Trying to Determine if the Reverse Mortgage is Right for Me
IndraStra Open Journal Systems
IndraStra Global

Trying to Determine if the Reverse Mortgage is Right for Me

Trying to Determine if the Reverse Mortgage is Right for Me

The Question: If we choose the lump-sum payout but only draw half of the 60%… I take it the remaining (40%) equality is forfeit, regardless of what amount we draw upon closure? 

2nd: On a Lump-Sum payment are any of the amounts drawn accruing interest during the tenure of the loan or is that paid upfront upon the closure of the loan when that amount or later amounts are drawn?

The Answer: Your numbers will be affected by your wife’s age, interest rates and any liens you have on the home. And you only accrue interest on the funds you borrow, from the time you borrow them.

Firstly, since your wife is not yet 62, she will be the eligible non-borrowing spouse and can live in the home even after you pass no matter which option you choose, and the amount of the reverse mortgage proceeds will be determined by her age.

Because she is not a borrower on the loan, she would not have access to any funds remaining on the line of credit (assuming you could not take all the funds at closing or in the first year) if something happened to you and she was still remaining in the home even though she could still live in the home for life if that was the decision you ultimately made.

Your first premise of 60% of the home value is not correct, especially since HUD (Department of Housing and Urban Development) changed the program last October and since your spouse is not yet 62 years of age. The interest rate now has much more impact on the amount of money borrowers receive than before the HUD changes.

For instance, for a 64-year-old borrower, the Principal Limit is about 48.3% at 4% and 45.2% at 4.5% interest. But when you add a non-borrowing spouse aged 59 into the equation, the Principal Limit will go to $44,300 and $41,100 at those interest rates.

The amount available to you under any of the options at closing or in the first 12 months would depend on the amount you owed (if any) on the home now in current mortgages and liens or what HUD deems “mandatory obligations”.

If you don’t owe anything on the home, HUD will only allow you up to 60% of one of the percentages above at closing or in the first 12 months. If you choose the fixed rate option, you must take the full draw at closing, and it is a single-draw option which means that there are no further draws available.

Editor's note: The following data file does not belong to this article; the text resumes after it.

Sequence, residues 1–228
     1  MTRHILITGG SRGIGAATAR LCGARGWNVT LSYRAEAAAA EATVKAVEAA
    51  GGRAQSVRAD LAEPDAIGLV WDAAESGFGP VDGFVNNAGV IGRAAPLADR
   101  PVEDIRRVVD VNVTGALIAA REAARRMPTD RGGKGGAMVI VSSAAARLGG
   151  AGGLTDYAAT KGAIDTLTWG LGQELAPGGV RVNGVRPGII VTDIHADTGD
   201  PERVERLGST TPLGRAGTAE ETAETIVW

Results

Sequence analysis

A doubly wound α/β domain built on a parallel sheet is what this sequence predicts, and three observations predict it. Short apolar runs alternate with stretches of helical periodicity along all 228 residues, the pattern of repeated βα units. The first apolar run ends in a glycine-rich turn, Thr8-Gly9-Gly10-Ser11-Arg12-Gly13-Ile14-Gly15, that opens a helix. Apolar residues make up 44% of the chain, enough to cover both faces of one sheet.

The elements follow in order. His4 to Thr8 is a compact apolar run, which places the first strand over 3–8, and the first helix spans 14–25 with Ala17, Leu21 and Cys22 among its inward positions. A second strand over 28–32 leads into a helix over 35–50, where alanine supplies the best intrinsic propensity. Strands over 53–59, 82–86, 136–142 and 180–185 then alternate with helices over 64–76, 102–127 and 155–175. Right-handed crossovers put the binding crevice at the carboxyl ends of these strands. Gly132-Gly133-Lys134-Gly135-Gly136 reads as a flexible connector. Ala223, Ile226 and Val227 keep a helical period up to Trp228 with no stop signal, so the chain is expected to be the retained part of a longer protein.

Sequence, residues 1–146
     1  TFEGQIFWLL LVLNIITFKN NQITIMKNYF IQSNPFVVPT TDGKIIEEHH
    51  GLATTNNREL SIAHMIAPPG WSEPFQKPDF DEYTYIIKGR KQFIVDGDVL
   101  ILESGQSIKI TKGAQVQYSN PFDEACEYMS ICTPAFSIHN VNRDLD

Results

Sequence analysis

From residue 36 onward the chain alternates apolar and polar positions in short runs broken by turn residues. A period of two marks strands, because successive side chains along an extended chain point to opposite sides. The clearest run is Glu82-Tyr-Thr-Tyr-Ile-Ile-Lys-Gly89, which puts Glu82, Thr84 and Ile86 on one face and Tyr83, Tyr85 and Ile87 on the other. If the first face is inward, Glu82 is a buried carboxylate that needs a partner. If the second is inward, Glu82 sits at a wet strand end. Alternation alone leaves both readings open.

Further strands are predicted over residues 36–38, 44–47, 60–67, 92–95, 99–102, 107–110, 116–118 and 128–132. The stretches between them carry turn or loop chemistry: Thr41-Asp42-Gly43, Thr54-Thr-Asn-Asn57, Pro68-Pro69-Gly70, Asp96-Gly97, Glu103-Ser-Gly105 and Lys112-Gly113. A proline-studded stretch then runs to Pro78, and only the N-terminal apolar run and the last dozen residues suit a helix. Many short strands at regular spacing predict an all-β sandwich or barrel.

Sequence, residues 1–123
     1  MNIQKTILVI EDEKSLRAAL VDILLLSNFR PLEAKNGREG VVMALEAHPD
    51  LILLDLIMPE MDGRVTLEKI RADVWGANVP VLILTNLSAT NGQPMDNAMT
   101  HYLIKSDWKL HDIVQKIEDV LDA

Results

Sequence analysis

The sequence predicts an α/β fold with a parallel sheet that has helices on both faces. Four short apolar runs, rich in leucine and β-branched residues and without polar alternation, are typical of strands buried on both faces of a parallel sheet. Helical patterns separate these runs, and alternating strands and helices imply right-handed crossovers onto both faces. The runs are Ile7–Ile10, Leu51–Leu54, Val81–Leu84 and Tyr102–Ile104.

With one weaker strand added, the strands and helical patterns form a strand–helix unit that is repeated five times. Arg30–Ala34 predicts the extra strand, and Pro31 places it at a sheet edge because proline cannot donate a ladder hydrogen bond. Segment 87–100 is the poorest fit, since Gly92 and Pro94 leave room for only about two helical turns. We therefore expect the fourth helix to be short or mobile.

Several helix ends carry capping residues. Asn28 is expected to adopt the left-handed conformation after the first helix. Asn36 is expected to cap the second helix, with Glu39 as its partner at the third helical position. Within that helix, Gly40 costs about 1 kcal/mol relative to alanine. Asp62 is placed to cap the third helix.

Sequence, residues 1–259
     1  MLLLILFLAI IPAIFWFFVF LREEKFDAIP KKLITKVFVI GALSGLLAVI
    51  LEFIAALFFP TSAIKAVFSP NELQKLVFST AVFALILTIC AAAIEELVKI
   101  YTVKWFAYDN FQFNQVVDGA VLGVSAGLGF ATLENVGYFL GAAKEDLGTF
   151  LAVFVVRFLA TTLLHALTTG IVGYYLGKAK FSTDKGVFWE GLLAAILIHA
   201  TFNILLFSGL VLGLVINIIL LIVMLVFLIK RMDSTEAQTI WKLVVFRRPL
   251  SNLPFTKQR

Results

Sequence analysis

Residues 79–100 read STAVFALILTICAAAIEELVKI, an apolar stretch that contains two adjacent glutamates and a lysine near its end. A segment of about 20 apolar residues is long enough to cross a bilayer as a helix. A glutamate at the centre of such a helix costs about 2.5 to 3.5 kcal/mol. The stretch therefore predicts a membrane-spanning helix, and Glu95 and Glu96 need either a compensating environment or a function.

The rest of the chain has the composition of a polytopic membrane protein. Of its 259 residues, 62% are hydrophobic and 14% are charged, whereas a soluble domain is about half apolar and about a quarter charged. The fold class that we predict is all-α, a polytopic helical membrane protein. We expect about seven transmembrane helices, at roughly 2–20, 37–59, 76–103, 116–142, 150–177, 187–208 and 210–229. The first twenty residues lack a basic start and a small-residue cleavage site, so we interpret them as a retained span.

Also, if you choose the fixed-rate option, the fact that you have a non-borrowing spouse does lower the total funds available to you, but other than that, there are no other real repercussions because you have already taken all the funds available to you at the close and there are no other funds available to you or your spouse later.

The non-borrowing spouse cannot lose access to any additional funds, even if something were to happen to you because there are no additional funds available to lose. You are accruing interest on the total funds you draw though whether you can use them all from the start or not.

If you choose the line of credit option because you do not have an existing loan to pay off, you can take up to 60% of your Principal Limit at close or any time in the first year and then after 12 months, the remaining 40% becomes available to you.

Now there are some exceptions to this rule. HUD will let you take up to 10% cash in your pocket not to exceed your total Principal Limit if the mandatory obligations (existing loans and costs) exceed the 60% first-year limitation.

For example, if your current mortgages and cost to get the loan total 62% of your eligible Principal Limit rather than saying you can’t have any money at close because you are already over the 60% that HUD limits borrowers to in the first year, HUD will allow you 10% of the Principal Limit (not your home value but the lending amount that HUD has agreed to lend on your home).

So if your total Principal Limit is $150,000 and you fall into this category, HUD will allow the lender to pay off your existing loans and the costs to get the reverse mortgage plus you can take up to $15,000 at close or in the first year and then must wait until after 12 months to access any additional funds available to you. 

It would be these additional funds to which the non-borrowing spouse would not have access if something happened to the borrowing spouse. You do not accrue any interest on any funds you do not borrow, only on the funds you use.

So if the non-borrowing spouse has funds on the line that she never borrowed, she or your heirs if she keeps the loan until she passes, would never have to repay this amount and would never have accrued any interest on this portion of the line.

IndraStra Global is now available on Apple NewsGoogle News, Flipboard, and Telegram